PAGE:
Dr. Rodier's "Research Perspectives": Diabetes and Environmental Toxins
Dr. Rodier's "Research Perspectives": Diabetes and Environmental Toxins

Thoughts from a leading integrative physician and medical insider


Featured Article for Discussion

“A Strong Dose-Response Relation Between Serum Concentrations of Persistent Organic Pollutants and Diabetes”

Diabetes Care 29:1631-1644, 2006

Today’s featured article from Diabetes Care is shocking, so sit down while you read the conclusion: chemicals in the environment are making us both more obese and more diabetic!

Here’s how it works. Our environment is loaded with toxins that we ingest, inhale, and take in through our skin every day. However, the main source of “persistent organic pollutants” in humans is through dietary fats, primarily animal in origin.

Once in our body, these fat-soluble chemicals, which are highly resistant to degradation, get stored in our own fat. As we carry more fat, more toxins get stored and become available to create metabolic disruptions.

Metabolic disruptions then create all sorts of havoc, such as insulin resistance, which leads to diabetes. You get the picture.

It’s a vicious cycle of increasing fat, toxic overload, and metabolic maladies. Shoot me, won’t you!

Granted, our genes may be contributors (and we may be making our jeans too tight by not pushing off the table soon enough). Still, the role of toxins in promoting obesity is not good news for those of us struggling with our waist lines.

The toxins implicated are hard-to-spell but common industrial chemicals, such as polychlorinated biphenyls, dichlorophenyldichloroethylene from DDT/DDE, trans-nonachlor, hexa chlorobenzene, hexachlorociclohexanes, phthalates, etc.

These toxins, abundant in our environment, are all commonly found in humans. In fact, National Geographic did a feature on the “chemicals within us” in October 2006 (see their interactive charts in “Our Toxic Homes” for more information).

More and more studies are analyzing the effect of “persistent organic pollutants” (POPs) on humans, with my featured article generating both scholarly interest and controversy.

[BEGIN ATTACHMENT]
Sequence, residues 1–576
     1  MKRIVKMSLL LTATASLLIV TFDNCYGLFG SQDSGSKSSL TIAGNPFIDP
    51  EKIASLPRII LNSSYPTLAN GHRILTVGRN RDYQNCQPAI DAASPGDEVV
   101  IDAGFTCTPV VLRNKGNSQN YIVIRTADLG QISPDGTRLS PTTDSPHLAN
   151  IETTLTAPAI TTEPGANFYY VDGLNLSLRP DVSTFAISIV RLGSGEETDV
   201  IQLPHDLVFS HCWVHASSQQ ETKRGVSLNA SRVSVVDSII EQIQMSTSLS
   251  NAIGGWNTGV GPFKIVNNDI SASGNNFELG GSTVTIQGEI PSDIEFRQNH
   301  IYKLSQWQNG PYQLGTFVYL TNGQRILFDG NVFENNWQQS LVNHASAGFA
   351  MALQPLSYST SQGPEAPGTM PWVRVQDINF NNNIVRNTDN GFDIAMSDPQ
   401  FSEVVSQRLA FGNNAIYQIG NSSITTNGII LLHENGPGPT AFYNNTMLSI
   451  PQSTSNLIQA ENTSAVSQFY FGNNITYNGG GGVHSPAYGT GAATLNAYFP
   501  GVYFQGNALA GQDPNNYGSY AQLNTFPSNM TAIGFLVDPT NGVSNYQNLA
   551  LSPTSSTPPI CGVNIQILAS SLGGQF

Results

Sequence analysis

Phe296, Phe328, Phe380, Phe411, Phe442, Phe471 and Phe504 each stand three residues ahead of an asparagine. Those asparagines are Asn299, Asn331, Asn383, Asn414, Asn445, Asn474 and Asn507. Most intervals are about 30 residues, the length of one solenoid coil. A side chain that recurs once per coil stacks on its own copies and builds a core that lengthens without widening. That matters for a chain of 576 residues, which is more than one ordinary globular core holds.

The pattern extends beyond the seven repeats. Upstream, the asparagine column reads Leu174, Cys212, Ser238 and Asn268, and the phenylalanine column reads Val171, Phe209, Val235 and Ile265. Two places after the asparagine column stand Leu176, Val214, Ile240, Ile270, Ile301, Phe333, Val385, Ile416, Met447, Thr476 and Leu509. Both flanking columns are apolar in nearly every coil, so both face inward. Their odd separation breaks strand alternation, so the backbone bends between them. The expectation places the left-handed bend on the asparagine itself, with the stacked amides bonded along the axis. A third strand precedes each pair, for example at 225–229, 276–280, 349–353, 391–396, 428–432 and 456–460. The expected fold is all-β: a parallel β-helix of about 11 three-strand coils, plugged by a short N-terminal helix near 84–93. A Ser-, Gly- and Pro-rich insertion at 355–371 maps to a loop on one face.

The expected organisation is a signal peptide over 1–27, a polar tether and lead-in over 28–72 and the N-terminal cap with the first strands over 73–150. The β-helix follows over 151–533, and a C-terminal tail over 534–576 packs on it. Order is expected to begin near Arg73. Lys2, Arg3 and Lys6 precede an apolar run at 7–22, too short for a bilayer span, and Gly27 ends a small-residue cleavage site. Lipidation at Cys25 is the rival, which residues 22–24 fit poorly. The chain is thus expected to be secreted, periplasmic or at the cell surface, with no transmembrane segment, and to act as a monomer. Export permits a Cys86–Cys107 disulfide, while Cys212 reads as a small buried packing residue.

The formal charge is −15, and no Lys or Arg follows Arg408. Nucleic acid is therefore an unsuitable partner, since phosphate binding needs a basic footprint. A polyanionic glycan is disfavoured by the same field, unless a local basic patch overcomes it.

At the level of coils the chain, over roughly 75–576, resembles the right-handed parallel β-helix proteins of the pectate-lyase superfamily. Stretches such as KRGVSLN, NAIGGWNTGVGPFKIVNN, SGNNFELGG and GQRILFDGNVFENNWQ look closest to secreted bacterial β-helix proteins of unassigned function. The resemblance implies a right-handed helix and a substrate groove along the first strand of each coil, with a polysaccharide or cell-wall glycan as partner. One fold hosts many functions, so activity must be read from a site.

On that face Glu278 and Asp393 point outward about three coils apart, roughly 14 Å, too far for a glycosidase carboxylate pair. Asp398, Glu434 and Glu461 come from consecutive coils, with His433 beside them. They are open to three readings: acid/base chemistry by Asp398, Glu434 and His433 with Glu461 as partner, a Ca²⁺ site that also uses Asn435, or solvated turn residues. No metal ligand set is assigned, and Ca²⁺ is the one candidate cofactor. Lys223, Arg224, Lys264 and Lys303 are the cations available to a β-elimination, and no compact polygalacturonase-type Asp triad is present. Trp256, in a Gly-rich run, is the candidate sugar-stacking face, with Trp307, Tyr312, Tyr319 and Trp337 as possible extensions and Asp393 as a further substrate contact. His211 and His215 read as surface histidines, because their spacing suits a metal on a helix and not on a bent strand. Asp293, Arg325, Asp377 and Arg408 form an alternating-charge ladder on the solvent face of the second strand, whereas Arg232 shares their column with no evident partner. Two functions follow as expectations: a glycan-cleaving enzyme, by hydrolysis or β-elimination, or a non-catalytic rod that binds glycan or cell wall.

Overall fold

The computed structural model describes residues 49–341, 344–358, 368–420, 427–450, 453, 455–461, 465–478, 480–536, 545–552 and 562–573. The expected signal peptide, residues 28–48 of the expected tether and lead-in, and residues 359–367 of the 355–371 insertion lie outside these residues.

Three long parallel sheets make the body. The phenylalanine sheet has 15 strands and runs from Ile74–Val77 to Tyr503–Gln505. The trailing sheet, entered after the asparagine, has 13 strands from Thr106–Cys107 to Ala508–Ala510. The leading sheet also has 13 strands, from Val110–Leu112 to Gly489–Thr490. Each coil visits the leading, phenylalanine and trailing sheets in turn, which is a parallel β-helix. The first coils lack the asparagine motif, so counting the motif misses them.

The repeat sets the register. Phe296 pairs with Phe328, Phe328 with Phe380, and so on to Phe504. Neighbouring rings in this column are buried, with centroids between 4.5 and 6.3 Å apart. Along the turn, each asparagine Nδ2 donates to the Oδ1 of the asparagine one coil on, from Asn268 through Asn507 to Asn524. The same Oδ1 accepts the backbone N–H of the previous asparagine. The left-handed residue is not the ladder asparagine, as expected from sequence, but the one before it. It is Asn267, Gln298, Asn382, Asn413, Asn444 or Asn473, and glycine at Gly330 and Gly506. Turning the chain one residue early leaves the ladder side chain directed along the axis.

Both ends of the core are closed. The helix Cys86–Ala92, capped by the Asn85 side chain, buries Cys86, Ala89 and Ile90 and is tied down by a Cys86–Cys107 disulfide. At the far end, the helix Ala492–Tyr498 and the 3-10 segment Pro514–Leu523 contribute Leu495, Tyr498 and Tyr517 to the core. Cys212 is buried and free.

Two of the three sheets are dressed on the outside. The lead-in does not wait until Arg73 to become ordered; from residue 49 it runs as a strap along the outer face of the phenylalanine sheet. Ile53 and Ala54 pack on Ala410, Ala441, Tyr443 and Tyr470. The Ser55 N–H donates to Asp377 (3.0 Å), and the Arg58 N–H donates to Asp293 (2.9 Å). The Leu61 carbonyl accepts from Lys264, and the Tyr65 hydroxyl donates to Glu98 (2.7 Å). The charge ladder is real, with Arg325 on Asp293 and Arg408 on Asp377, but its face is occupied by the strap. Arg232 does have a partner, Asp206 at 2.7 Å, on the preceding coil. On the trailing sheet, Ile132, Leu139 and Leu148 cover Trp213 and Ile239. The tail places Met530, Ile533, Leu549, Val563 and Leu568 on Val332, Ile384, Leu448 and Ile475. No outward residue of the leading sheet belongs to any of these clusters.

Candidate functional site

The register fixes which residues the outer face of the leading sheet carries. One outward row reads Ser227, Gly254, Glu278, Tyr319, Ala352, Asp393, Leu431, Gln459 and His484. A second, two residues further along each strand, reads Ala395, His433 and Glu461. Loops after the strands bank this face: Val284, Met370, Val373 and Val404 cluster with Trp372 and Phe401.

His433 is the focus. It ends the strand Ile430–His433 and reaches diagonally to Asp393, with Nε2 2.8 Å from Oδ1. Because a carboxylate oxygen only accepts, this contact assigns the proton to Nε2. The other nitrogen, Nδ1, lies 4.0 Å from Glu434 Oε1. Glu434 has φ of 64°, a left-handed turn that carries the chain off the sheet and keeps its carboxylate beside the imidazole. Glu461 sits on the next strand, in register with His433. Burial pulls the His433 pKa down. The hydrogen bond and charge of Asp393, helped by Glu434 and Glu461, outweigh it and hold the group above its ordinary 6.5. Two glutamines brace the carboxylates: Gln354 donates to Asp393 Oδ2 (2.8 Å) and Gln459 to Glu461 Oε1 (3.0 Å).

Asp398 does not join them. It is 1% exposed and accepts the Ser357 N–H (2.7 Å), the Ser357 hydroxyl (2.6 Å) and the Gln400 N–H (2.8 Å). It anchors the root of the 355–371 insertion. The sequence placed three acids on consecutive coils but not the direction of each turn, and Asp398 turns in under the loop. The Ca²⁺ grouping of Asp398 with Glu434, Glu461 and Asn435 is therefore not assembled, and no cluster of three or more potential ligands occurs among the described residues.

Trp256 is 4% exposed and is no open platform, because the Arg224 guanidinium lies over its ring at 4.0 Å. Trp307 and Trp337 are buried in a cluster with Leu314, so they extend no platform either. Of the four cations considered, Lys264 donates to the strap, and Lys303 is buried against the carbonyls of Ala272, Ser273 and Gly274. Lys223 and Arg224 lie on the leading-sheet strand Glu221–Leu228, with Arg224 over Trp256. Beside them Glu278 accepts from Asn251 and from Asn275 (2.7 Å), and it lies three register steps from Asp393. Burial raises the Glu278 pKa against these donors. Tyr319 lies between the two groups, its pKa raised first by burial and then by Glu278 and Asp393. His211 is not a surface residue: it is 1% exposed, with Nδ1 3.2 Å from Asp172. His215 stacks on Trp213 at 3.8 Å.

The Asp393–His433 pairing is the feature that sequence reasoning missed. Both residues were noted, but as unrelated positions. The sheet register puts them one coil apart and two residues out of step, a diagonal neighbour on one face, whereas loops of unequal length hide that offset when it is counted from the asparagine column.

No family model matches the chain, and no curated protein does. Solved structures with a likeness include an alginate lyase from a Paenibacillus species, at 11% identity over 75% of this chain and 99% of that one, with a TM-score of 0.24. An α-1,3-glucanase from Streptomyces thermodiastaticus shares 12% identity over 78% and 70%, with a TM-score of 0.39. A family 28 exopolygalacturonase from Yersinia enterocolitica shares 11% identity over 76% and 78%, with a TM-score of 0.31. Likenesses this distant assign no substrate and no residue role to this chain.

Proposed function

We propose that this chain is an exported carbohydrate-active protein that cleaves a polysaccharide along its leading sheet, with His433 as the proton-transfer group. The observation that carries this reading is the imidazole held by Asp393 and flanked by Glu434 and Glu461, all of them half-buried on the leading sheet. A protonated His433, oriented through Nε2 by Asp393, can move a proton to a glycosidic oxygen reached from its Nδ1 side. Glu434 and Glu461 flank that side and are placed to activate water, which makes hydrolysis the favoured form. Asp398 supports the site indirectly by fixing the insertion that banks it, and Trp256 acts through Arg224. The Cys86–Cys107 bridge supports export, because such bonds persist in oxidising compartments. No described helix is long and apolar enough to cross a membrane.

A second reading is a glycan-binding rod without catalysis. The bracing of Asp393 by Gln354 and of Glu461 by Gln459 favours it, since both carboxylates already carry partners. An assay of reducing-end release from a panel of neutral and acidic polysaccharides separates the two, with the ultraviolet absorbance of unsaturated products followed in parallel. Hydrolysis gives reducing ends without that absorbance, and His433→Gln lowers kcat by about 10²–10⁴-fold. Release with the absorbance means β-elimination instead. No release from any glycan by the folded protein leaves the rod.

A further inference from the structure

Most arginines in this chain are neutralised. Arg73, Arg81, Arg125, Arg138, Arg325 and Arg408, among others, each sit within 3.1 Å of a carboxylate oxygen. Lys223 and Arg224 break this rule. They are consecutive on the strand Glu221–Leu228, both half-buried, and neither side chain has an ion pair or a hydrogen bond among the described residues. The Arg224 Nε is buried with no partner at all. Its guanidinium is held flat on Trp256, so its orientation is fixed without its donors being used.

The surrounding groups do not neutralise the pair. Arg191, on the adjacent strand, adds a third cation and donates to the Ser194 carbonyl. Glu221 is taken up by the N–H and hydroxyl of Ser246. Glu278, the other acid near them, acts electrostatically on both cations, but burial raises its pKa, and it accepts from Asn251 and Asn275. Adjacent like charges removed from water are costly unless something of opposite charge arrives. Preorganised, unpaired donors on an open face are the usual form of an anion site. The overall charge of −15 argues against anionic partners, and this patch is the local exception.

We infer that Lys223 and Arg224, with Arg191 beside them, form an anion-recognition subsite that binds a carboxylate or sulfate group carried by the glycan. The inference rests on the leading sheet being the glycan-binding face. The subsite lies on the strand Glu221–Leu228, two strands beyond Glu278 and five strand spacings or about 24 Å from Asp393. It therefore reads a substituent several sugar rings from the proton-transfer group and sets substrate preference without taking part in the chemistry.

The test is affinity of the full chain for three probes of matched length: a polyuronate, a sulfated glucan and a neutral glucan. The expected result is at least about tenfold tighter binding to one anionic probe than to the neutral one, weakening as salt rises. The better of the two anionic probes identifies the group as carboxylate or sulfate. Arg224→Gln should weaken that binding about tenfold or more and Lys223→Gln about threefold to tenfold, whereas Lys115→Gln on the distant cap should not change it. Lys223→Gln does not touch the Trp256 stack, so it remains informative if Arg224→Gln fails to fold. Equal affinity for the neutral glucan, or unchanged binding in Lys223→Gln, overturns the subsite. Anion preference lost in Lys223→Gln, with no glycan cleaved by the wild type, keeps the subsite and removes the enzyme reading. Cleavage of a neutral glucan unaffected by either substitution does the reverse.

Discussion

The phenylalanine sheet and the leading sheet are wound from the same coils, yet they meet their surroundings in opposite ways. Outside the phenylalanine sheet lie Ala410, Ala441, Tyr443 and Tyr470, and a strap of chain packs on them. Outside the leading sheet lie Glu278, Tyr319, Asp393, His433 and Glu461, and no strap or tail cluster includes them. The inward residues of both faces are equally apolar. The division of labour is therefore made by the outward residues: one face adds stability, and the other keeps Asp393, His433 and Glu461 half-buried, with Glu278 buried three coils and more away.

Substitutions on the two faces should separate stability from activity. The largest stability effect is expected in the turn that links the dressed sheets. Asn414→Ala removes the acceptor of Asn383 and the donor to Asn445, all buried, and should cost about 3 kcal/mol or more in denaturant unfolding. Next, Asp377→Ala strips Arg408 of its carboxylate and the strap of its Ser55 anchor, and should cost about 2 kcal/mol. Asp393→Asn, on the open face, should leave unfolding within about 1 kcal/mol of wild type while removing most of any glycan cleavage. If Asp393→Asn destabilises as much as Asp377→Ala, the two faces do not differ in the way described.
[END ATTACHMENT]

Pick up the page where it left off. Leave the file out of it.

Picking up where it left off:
First author Dae-Hee Lee (an MD/PhD in preventive medicine in Korea) and his team of researchers analyzed fasting plasma glucose concentrations and found the prevalence of diabetes to be five times higher in groups with higher concentrations of toxins.

They also found that diabetes doubled and tripled in the upper percentiles of exposure to DDE and other toxic chemicals.

The controversy surrounds a ground-breaking statement in Lee’s article, specifically:

“Another scientifically interesting finding was that obesity did not increase the prevalence of diabetes among subjects with nondetectable levels of POPs.”

In The Lancet, author Miquel Porta references Lee’s research and points out that:

“This finding might imply that virtually all the risk of diabetes conferred by obesity is attributable to persistent organic pollutants, and that obesity is only a vehicle for such chemicals. This possibility is shocking.”

Porta went on to conclude:

“The causal role of toxins in diabetes is more likely to be contributory and indirect, i.e., through immunosuppressant, non-genotoxic, perhaps epigenetic mechanisms.”

Too bad Porta’s conclusions ignore cutting-edge research showing that the main problems creating disease are related to metabolomics, cellular communication, and cellular energy deficits.

Put more simply, as I see it, the root cause of most disease is cellular “TOIL” – my little acronym for strain from Toxins, Oxidation, Inflammation, and Lack of nutrients.

Without a doubt, toxins in our bodies can cause massive cell membrane dysfunction, which leads to a “failure to communicate.”

Porta doesn’t seem to understand that cell membrane dysfunction can lead to many other cell-to-cell communication problems (i.e., creating insulin resistance and also resistance to neurotransmitters, hormones, and immune system messengers).

You see, toxins correlated with diabetes also have been correlated with cancer, neurologic problems (Parkinson’s, Alzheimer’s) and many other hormonal problems, especially thyroid and adrenal dysfunction.

Hormonal problems can then lead directly to another vicious cycle -- of insulin resistance, diabetes, and obesity.

What can you do? Avoid toxins as much as possible and consider these simple suggestions:

* Include n-acetylcysteine, milk thistle, whey, SAM-e and/or alpha lipoic acid in your supplement regimen to help your body produce glutathione, which is critical to liver detoxification.
* Improve your liver and bowel functions by including healthy doses of fiber, probiotics, and digestive enzymes each day.
* Maximize good nutrition with a diet high in antioxidants.
* If your health permits, take sauna baths and exercise to the point of a very good sweat, which will help you detoxify through the biggest organ in your body, your skin!

By making lifestyle and dietary changes, you will support your health for sure, and as an added benefit, you may be able to influence that old waist line!

In summary: Avoid environmental toxins whenever possible. Watch your dietary intake of toxins from animal fats. And, detoxify your system – regularly!

Dr. Rodier practices integrative medicine at the Pioneer Health Clinic just outside Salt Lake City, UT. He's an adjunct professor for the University of Utah's School of Medicine. Dr. Rodier offers nutritional consultations via phone.

Copyright 2005 Our Health Co-op, Inc. All rights reserved.
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